Thoughtfully uniting the pace and weight of chaos with the dreamy warmth of calm, William Jacobs naturally underlines the contrast between isolation and the outside world; the stillness and the sheer uncertainty, dancing as one.
Beautifully melodic in a kind of rising and falling manner, Scatter feels all at once like the world refusing to slow down, and the world at a complete stand still as you stare out through a single window.
Composed during self-isolation, Scatter brings together timeless neo-classical progressions with retro 808s and an otherwise organic yet choppy rhythm section, for a somewhat cinematic, increasingly intense arrangement.
Despite the clear sense of change taking place throughout, there are also several consistencies or threads of character that help keep it rooted amidst its purpose. In the artist’s own words, it’s ‘experimental yet accessible’. These threads include flashes of melody, that rise and fall, the tripped-up array of drums, and the general lightness of the whole set-up.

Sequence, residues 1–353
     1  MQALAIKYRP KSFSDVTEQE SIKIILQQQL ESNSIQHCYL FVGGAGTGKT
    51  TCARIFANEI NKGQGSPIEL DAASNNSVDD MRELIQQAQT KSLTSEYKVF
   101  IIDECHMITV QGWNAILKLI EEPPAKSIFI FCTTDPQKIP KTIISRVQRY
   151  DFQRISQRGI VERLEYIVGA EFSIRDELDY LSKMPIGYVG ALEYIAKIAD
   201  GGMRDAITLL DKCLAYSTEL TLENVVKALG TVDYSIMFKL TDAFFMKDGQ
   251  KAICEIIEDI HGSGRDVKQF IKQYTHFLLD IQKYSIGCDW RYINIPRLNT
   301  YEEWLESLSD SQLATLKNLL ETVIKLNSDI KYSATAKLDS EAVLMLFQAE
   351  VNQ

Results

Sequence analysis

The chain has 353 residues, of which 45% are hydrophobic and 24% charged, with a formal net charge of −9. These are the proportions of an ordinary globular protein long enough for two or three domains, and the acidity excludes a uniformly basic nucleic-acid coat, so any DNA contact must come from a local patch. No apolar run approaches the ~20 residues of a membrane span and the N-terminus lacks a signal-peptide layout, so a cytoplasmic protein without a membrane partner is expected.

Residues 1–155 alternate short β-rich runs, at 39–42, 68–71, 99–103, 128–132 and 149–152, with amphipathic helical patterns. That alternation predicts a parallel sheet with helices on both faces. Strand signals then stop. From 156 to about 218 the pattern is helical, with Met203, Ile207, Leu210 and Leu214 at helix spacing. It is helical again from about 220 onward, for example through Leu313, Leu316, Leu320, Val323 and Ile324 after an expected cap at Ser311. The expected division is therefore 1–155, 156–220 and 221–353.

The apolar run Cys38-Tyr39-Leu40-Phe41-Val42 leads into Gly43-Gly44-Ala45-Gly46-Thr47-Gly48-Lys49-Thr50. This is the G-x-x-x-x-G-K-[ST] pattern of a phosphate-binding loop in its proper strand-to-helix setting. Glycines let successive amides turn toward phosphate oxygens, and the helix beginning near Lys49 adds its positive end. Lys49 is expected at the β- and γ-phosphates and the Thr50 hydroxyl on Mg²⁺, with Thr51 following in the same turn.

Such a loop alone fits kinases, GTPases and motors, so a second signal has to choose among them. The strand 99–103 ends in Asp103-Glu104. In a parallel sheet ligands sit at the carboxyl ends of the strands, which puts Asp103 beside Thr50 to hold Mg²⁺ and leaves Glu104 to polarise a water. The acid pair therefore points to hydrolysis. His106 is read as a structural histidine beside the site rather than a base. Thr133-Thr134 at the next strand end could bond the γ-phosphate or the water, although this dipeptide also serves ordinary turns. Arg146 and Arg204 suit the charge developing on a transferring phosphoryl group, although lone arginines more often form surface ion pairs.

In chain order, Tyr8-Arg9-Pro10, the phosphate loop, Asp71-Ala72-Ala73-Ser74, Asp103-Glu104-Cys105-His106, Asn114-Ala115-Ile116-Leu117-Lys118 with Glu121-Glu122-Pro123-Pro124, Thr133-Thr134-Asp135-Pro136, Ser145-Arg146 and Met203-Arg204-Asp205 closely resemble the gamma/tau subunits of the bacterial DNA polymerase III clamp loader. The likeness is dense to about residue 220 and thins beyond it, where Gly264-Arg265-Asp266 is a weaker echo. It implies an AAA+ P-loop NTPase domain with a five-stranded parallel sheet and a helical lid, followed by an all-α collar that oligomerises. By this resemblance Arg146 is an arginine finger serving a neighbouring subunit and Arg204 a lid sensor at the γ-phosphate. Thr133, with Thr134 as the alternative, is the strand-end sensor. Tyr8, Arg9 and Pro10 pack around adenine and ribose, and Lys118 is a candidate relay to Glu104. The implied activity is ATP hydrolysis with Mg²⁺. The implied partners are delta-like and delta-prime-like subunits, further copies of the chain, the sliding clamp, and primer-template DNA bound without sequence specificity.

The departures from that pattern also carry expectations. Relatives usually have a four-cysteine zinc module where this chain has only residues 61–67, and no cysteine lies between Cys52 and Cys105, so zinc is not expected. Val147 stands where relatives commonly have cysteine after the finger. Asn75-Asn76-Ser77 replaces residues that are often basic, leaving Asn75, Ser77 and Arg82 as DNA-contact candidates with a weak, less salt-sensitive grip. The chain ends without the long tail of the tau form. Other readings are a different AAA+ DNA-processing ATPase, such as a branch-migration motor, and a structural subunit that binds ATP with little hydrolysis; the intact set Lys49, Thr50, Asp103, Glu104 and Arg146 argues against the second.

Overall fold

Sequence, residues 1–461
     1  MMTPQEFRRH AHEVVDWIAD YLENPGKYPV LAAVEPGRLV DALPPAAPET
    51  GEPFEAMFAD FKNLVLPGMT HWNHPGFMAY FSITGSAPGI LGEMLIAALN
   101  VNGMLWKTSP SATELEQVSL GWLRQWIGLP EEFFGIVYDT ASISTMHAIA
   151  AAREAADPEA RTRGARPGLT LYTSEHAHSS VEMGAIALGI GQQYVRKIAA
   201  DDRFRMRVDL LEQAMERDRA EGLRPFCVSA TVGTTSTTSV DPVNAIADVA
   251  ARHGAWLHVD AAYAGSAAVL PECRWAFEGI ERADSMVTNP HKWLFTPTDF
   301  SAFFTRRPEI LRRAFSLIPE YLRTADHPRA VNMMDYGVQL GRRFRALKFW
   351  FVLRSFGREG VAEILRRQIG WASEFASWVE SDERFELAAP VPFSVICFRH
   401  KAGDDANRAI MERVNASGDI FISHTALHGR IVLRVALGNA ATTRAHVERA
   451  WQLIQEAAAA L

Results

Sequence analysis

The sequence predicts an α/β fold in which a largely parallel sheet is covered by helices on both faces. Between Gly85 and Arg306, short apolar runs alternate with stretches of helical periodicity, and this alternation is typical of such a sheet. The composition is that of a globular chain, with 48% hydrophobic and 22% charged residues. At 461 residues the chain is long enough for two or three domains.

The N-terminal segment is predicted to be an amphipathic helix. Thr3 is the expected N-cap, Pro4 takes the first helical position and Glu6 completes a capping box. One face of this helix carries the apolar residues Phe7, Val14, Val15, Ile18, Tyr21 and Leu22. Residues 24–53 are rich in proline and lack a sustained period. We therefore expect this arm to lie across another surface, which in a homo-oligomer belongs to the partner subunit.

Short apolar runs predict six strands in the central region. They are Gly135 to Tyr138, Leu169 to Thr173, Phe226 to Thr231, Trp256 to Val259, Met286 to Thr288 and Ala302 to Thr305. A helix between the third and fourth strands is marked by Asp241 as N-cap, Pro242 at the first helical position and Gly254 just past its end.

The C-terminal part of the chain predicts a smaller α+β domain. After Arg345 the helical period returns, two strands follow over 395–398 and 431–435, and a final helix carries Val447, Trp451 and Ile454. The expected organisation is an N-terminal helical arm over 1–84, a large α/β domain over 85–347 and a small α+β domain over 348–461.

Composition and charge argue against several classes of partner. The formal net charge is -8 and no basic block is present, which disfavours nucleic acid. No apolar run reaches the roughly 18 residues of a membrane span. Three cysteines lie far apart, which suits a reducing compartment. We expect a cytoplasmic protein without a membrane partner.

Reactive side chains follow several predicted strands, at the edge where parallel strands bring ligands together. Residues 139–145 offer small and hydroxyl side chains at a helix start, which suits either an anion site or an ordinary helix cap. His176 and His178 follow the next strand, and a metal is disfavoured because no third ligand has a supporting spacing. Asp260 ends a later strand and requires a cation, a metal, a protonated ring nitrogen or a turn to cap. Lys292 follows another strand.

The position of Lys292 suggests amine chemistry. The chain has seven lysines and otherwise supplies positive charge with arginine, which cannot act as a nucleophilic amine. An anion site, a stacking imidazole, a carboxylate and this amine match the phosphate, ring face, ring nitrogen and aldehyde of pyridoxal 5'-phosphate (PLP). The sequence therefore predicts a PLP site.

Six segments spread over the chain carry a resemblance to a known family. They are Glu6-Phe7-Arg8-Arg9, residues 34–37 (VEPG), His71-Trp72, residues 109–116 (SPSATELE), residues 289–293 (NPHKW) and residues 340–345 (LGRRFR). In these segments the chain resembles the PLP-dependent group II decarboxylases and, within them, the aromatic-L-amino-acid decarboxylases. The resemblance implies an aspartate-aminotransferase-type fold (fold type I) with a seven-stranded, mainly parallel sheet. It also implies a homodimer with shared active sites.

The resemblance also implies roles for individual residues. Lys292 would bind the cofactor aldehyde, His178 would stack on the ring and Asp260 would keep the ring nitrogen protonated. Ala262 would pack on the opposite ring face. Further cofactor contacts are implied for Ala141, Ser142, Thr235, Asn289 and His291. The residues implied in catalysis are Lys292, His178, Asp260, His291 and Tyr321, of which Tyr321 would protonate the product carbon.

Jacobs has crafted this at a fairly humble sub-four-minute lifespan, and from a place of perhaps recurring thoughts and feelings in the face of the absolute unknown. As such, the progression represents this moment captured effectively in time.
For the listener, it’s a simple joy to escape into, or to use as an accompaniment to your own isolated commute; or contemplative break from the rat race.